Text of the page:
Of course, there are still advantages to sticking with the tried and tested formula: “Publishers offer their authors a complete publishing service, which includes editing, marketing, design, specialist sales and copyright protection”, says Clare Harington, Group Communications Director for Hachette UK. The international reach and marketing opportunities are unrivalled, while print distribution is also significantly stronger with traditional publishers, largely due to long-established relationships with booksellers around the world. Then there is the touch of an experienced editor, which can make the difference between a number-one bestseller and a dust-collecting relic. “There are now many more books competing for readers’ time. Many of these self-published books are very cheap, because they carry no publishing overhead, so publishers need to make the readers appreciate that a good book often costs a little more because a talented publishing team has worked with the author to make the book as good as it can be”, Harington notes.

The big five were slow to embrace digital books and, as a result, have lost out on a mammoth new market that has changed the way that millions of people read. While major publishing houses were dragging their feet, Amazon developed an e-book reader that mimicked the look of an actual book and captivated audiences around the world. It would simply be bad business for the next major industry development to be met with such hesitance, but, all the same, there appears to be a reluctance to evolve. “People that are in the space will have to think about more interactive services and more personal attention”, says Neeraj Bansal, President of Siminars, a digital platform for book promotion through online courses. As well as enabling authors to earn more revenue for their published works, online services allow a level of engagement that was simply impossible before the arrival of the internet. “It gave authors the ability to have live interaction with their students and actually build a fanbase”, Bansal adds.

While major firms are inevitably feeling the impact of self-publishing, there are those that are trying to adapt. For example, HarperCollins has created the website Authonomy, an online community for writers and readers, where manuscripts can be uploaded for readers to provide feedback and for experienced authors to give newbies advice – all for free. Five texts are selected for review each month by HarperCollins’ editors, giving novices the chance to have their work published with a major group.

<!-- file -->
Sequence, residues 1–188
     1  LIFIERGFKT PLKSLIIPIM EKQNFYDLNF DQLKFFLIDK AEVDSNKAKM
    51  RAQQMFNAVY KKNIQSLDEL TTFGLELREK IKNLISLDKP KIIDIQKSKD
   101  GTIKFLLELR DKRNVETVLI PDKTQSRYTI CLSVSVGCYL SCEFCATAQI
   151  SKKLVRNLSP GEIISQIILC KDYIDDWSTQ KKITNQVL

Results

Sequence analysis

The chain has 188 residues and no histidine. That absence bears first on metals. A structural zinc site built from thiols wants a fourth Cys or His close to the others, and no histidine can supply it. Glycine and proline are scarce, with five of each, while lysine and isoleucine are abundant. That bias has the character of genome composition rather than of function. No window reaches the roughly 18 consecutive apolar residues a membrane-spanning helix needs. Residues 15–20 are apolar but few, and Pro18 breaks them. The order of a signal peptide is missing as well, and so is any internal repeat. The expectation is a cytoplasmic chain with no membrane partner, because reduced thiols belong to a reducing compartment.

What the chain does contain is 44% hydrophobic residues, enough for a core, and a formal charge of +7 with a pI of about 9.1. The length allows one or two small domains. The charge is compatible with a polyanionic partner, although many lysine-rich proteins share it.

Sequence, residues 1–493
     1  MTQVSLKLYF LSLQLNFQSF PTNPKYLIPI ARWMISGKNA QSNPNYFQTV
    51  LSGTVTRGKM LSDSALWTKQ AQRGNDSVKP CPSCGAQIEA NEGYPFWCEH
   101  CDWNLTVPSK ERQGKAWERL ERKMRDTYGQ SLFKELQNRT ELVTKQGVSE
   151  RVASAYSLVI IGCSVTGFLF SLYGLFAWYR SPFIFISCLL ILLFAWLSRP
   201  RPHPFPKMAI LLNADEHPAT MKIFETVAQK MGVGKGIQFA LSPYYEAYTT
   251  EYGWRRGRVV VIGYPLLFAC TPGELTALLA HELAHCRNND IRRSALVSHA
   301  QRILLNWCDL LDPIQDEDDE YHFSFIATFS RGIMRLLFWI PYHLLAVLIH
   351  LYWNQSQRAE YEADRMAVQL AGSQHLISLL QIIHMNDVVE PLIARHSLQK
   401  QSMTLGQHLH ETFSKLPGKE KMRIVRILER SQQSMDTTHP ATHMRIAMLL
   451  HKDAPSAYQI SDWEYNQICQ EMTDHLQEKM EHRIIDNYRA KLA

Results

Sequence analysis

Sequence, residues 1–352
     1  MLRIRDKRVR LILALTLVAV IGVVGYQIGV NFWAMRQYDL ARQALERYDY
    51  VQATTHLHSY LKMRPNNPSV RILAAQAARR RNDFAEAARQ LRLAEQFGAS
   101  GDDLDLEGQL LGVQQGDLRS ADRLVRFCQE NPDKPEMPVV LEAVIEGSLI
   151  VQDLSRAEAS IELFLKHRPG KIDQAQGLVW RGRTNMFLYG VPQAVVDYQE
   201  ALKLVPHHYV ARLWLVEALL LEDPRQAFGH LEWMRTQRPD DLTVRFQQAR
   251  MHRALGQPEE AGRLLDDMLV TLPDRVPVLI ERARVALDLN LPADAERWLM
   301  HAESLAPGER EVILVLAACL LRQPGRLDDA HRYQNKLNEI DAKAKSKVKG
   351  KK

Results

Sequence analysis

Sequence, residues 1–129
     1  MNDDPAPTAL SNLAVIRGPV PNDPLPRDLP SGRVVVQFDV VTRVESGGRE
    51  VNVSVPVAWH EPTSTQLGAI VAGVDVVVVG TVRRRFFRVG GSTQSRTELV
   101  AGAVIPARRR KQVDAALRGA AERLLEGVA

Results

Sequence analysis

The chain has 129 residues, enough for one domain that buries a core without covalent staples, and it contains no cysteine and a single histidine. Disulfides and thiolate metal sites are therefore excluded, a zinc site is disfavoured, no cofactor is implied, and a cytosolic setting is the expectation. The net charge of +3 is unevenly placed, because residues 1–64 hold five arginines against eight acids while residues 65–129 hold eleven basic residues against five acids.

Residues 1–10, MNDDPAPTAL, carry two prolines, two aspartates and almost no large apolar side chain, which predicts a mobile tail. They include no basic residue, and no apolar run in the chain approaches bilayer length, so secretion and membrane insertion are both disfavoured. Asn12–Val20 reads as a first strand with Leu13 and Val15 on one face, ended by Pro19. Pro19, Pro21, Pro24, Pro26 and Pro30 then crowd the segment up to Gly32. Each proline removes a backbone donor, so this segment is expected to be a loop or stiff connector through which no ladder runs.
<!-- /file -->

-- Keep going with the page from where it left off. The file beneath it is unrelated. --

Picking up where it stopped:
For a greater good
In terms of making books more accessible to society, elevating reading habits and adding to the world’s library of books, new trends are entirely favourable. In this sense, the sweeping presence of Amazon, digital books and self-publishing contribute to human cultural existence. That being said, they have shaken the publishing industry to its very core. “We’re going to see a vibrant and healthy freelancer market of editors and cover artists rise up and cater to the needs of writers”, Howey postulates. “Agents are going to be the new boutique publishing option.” The pressure may well be too great for many small to medium firms, which is a great shame, as they often pick up on gems that larger publishers overlook. As for the big five, industry experts believe that they could soon become the big three. Certainly, the shareholders of those that do survive the transition will have to tolerate slimmer profits, as the glory days of print-only publishing are well and truly over.

Despite such a forecast, opportunities exist if the major publishing houses realign their focus on quality for both authors and consumers. Adding value for customers by facilitating greater interaction with authors and creating multimedia platforms are modern techniques, by way of which publishers can survive in a rapidly evolving industry. Not so hastily slamming the door on budding authors, offering better terms and re-inflating marketing budgets can attract new writers that may be drawn to going independent. The coexistence of both traditional and autonomous enterprises is possible; the market is large enough for both. For this to be the reality, however, an adjustment is needed on the part of major publishing houses. To survive, they must play to their strengths and offer what others simply cannot.